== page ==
Room: Track 4
Purpose: To improve volumetric visualization, therapy applicator targeting, and verification of applicator placements by developing a 3D ultrasound (US) mechanical guidance system for cost-effective image guidance during focal liver tumor ablation therapy, potentially reducing post-therapy local cancer recurrence and increasing the clinical feasibility of traditionally complex multi-applicator approaches.
Methods: A three-motor mechanical scanner for variable 3DUS field-of-views (FOV) was mounted on a portable counterbalanced mechanical “arm” with five encoders to move and track the position of a 2DUS transducer. Volunteer imaging was performed for assessing clinical feasibility and a phantom was used to perform mock interventional procedures by selecting a target in a 3DUS image, navigating to the target, and performing needle insertion using a custom 3D-printed guide. Two 3DUS image geometries were investigated to assess the accuracy of a small-footprint approach and a large FOV approach when using either an automatic transducer positioning or encoder tracked freehand navigation approach. A total of 32 insertions were evaluated and validated with registered cone-beam CT images.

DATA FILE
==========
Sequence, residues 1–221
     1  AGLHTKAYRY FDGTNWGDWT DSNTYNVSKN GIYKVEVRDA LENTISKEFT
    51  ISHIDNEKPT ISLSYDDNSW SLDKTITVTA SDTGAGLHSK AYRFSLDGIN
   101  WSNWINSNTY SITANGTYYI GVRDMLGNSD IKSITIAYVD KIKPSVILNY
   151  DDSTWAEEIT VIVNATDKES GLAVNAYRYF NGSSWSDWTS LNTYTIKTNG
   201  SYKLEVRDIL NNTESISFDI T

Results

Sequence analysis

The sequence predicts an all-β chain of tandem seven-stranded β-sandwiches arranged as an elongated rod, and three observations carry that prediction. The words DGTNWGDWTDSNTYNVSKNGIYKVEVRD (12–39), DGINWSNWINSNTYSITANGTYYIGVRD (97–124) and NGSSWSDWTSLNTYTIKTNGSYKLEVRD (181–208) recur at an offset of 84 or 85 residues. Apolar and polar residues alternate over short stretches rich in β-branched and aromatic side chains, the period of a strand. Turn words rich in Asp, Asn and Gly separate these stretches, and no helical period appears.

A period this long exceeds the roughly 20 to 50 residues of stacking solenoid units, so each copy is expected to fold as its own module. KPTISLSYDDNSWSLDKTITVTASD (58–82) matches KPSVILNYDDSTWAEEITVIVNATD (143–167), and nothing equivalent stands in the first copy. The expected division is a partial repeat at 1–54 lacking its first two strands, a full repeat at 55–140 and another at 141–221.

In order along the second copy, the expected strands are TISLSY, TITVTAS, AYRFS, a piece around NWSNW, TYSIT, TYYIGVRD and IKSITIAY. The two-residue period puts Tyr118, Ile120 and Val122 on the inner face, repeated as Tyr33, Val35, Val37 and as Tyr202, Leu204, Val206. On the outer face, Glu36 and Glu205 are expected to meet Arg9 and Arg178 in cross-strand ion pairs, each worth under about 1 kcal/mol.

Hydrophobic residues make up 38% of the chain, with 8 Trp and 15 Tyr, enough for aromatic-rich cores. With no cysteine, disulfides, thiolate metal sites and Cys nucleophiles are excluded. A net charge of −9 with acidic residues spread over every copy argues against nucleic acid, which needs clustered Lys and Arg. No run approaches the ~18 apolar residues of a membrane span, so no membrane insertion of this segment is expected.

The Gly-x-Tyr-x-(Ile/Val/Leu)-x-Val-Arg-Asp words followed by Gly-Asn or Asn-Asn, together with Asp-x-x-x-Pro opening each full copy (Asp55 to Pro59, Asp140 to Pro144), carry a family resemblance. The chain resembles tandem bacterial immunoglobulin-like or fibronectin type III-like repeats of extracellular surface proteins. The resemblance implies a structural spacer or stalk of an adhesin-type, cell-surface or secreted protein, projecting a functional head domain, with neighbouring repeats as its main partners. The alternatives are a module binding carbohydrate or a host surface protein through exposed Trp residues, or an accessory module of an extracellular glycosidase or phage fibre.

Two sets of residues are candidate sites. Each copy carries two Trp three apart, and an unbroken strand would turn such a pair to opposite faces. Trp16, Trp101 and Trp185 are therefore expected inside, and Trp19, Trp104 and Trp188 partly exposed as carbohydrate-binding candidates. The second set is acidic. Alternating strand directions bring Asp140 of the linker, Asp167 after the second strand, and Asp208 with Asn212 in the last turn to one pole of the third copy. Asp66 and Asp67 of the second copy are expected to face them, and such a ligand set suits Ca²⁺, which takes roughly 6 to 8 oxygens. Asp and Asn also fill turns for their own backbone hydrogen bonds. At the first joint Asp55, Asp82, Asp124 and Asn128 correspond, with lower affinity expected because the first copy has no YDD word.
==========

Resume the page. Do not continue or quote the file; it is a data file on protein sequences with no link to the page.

Results: Clinically relevant structures were clearly visualized in the volunteer images (kidney, hepatic vein, and portal vein). Mean needle tip targeting error based on 3DUS and CT were 4.4±3.1 mm and 4.0±2.8 mm, respectively, when using an automatic navigation approach and 7.1±2.9 mm and 7.8±2.4 mm using a tracked freehand approach.
Conclusion: The proposed mechanically assisted 3DUS guidance system was able to image a volunteer with promising clinical utility and has the potential to guide needles accurately to 3DUS-derived targets using a motorized navigation approach. Current work is focused on performing imaging of patients undergoing focal liver tumor ablation therapy to assess needle applicator placement accuracy.
Funding Support, Disclosures, and Conflict of Interest: Ontario Institute of Cancer Research, the Canadian Institutes of Health Research, and the Natural Sciences and Engineering Research Council of Canada